"Complexity of work and risk of Alzheimer's disease: a population-based study of Swedish twins"
by Andel, Ross; Crowe, Michael; Pedersen, Nancy L; Mortimer, James; Crimmins, Eileen; Johansson, Boo; Gatz, Margaret (2005)
We examined the association between risk of dementia or Alzheimer's disease (AD) and occupation by using measures of complexity of work with data, people, and things. The study included 10,079 members of the population-based Swedish Twin Registry who were participants in the HARMONY study. We diagnosed dementia by means of a two-stage procedure--cognitive impairment screening followed by full clinical evaluation. We analyzed data with case-control and cotwin control designs. The cotwin control design provides control over genetic and familial factors. In the case-control study, controlling for age, gender, and level of education, we found that more complex work with people was associated with reduced risk of AD. Greater complexity of work with people and data was protective in twin pairs discordant for AD. Findings suggest that greater complexity of work, and particularly complex work with people, may reduce the risk of AD.
We found that, when we took age, gender, and level of education into account, higher complexity of work with people in main lifetime occupation was associated with a reduced risk of all types of dementia and AD only. Controlling for age, gender, and level of education, we found that the association between lower complexity of work with things and a reduced risk of dementia was marginally significant ( p ¼ .05) but not significant for AD only. When we added complexity of work with data and things into the same model, higher complexity of work with people was protective against AD only (odds ratio or OR ¼ 0.78; 95% confidence interval or CI ¼ 0.63, 0.98). The result for complexity of work with people and risk of all types of dementia was only marginal (OR ¼ 0.84; 95% CI ¼ 0.71, 1.00; p ¼ .05), and other complexity dimensions showed no significant associations. No significant findings for complexity of work with data emerged in the case-control analyses. Because the measure of complexity of work with people was skewed, we also conducted the same analyses by using log-transformed complexity measures. The results remained unchanged. (p.255)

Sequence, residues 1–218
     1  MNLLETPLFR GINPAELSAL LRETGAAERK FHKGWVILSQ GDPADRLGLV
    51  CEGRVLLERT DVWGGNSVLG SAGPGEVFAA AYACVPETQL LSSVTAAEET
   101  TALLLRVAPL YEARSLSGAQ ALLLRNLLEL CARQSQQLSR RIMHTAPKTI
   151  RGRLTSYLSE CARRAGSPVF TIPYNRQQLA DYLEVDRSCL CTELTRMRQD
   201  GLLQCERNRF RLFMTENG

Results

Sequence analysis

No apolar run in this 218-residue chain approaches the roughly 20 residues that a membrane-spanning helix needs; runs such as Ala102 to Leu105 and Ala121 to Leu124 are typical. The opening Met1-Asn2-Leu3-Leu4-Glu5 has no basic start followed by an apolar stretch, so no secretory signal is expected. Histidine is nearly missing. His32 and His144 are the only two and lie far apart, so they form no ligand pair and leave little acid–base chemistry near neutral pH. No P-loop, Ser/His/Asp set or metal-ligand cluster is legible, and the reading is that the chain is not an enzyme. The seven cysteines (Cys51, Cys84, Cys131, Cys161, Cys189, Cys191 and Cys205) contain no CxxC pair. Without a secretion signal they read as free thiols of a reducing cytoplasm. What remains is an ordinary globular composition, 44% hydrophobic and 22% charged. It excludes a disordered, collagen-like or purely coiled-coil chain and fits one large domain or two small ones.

KeywordsAgeing, Older Workers, Retirement, Complex Work, Mental Development, Psychological Functioning, Dementia, Cognitive Impairments
ThemesPsychological Centrality of Work
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